Donnelly Questions USDA Officials on Harmful Impacts of Tariffs on Farmers and Rural Communities

Senator’s questions at Agriculture Committee Hearing continue his concerns about how the Administration’s trade policies are creating difficulties for Hoosier farmers

Washington, D.C. – U.S. Senator Joe Donnelly, yesterday at a Senate Agriculture Committee hearing, questioned Under Secretary of Agriculture for Trade and Foreign Agricultural Affairs Ted McKinney about the continued harm that farmers and rural communities are facing due to tariffs and the uncertainty caused by the Administration’s trade policies.

Over the past several months, Donnelly has spoken out after hearing consistently from farmers and agriculture groups about uncertainty in export markets and falling commodity prices. In July, Donnelly questioned the Chairman of the Federal Reserve Jay Powell at a Senate Banking Hearing about the impacts of tariffs. Donnelly relayed those concerns to President Trump at the White House in late June and has highlighted the need for a level playing field for manufacturers, steel producers, and farmers to continue selling quality products all over the world.


To see Donnelly’s questions to Under Secretary McKinney,  click the image above or click here.

Donnelly: “These are the lives and the farms of my fellow Hoosiers who are at stake. I was with a group again this weekend we have friends who are going to lose their farms because of what is going on right now… they are going to lose the dreams of their life because of what we are dealing with, and Secretary McKinney as you well know these are very very very hard times for Indiana farmers…”

McKinney: “Thank you senator. Good to see you again. Um – yeah you’re point is very valid. I think what we are facing here is we have been four or five years with very depressed farm prices and that is for a number of factors, and I would characterize a lot of them to unfair track practices. When I was in front of you at the con...”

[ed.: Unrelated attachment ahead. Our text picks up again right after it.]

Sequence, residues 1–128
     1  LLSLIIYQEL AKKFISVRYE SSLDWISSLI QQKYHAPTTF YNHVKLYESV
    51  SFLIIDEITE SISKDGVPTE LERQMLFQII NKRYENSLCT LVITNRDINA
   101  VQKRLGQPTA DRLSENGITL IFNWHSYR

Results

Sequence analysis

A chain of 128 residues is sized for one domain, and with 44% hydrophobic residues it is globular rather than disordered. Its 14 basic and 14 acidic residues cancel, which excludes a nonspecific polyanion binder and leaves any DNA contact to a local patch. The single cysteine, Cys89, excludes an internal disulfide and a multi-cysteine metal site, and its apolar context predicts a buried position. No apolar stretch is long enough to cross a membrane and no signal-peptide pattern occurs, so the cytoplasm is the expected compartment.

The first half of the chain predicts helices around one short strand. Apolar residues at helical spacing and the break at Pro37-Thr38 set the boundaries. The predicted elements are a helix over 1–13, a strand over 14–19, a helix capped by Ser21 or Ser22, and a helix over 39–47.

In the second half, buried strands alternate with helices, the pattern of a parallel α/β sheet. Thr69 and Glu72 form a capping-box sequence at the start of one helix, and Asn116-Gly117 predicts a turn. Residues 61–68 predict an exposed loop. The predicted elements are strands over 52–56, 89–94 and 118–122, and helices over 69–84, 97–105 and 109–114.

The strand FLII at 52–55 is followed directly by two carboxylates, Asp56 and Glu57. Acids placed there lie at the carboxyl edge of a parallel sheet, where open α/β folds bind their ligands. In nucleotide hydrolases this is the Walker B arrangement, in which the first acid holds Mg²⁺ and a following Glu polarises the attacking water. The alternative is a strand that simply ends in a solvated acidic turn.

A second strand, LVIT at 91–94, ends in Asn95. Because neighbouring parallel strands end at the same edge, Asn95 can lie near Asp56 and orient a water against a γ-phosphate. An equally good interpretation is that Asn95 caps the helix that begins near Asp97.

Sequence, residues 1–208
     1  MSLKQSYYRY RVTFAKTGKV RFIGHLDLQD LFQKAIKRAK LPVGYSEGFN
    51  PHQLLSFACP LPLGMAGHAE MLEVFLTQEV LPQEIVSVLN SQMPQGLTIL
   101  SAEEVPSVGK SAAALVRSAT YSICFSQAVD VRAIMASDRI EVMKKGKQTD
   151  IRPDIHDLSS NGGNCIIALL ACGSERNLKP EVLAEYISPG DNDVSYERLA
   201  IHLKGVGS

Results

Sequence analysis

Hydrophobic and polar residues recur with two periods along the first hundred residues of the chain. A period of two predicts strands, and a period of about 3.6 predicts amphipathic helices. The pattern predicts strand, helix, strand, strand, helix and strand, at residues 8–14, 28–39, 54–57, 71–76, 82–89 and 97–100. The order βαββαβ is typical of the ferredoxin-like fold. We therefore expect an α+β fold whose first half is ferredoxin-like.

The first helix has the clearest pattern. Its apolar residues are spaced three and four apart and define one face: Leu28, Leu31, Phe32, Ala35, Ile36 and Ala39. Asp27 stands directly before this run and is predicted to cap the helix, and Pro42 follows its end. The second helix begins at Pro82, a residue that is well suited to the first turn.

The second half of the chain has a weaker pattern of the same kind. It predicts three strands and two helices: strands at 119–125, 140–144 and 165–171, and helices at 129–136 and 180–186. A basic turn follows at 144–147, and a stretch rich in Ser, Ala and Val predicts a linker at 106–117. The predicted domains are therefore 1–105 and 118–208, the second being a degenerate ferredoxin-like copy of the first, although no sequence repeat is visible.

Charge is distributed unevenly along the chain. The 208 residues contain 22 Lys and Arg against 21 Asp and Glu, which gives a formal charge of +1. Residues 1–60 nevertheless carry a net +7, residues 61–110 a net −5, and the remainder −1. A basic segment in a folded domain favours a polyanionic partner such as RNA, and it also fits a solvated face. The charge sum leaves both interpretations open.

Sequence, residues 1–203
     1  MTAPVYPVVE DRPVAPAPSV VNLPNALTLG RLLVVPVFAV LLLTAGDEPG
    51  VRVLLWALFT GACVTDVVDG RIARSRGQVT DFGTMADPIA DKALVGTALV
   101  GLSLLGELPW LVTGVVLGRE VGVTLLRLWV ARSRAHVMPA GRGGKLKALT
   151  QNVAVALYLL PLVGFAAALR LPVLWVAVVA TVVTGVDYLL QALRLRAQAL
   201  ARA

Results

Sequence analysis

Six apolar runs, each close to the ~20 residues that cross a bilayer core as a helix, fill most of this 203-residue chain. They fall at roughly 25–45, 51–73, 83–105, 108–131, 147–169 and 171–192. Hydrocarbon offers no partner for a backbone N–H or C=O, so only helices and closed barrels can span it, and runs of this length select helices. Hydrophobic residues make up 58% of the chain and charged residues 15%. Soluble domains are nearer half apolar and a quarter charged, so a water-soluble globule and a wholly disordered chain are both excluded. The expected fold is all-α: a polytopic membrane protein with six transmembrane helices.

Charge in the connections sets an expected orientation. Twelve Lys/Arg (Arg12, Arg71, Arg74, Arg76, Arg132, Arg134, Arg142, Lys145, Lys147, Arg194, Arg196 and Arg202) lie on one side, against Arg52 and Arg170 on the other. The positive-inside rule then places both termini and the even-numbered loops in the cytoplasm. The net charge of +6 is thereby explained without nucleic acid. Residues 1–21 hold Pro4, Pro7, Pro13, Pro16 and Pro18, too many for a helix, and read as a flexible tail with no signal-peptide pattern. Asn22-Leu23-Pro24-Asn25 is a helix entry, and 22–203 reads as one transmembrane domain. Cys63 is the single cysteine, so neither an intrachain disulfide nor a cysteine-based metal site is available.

Donnelly:We were at about $10.70 before this price war started. That was the cash price for beans at that time.”

McKinney: “Right thank…no that’s all right. Thank you. Yes we are taking some short term pain with the hopes of long term gain.”

Donnelly: “How do you explain that to the farmer who is going to lose everything?

McKinney: “Well that is very difficult and there will be some losses but when we talk to the majority of the farmers….”

Donnelly: “What if you are that person? You said you know we will take some losses. What if it’s the folks I were  - I was with recently in Kokomo, who took me aside and said down the road there is a fella who is going to lose everything. What do you tell his kids, Mr. McKinney?”

McKinney: “It is very difficult. The answer I would give is: we are trying to make some corrections that will fix many of the trade issues that we have been suffering from a long time…”

Donnelly: “…farmers keep coming in and asking and it is about as valid a question as you’d ever get: When does this end?”

McKinney: “Well my hope is that the work going on by our friends with the USTR on things like NAFTA  and then Japan and then all the other bilaterals will bring this back. That is my intent and that is what we are doing to support this.”

Donnelly: “…it seems like the light at the end of the tunnel is a train coming at my farmers and they are our farmers because we both know them, care about them, love them. They are our friends. They need to know that there is an off ramp or an end to this because what young man or woman graduating from Purdue right now is going to go into farming when they look and see that this is the situation?”

McKinney: “It is tough and I have talked to several and all I can say is we are right sizing things that should have been right sized over the many years passed… And there are some regrets. It’s like the 1980’s and I went through those just as you  were. I hope we found that we right sized things and made it better for farmers.”

Donnelly: “Mr. Secretary, with all due respect, those are not regrets. Those are neighbors and those are neighbors who are losing their farms, who are losing their life’s dream, whose kids are wondering why dad can’t do this anymore or mom can’t do this anymore... And this is completely self-inflicted.”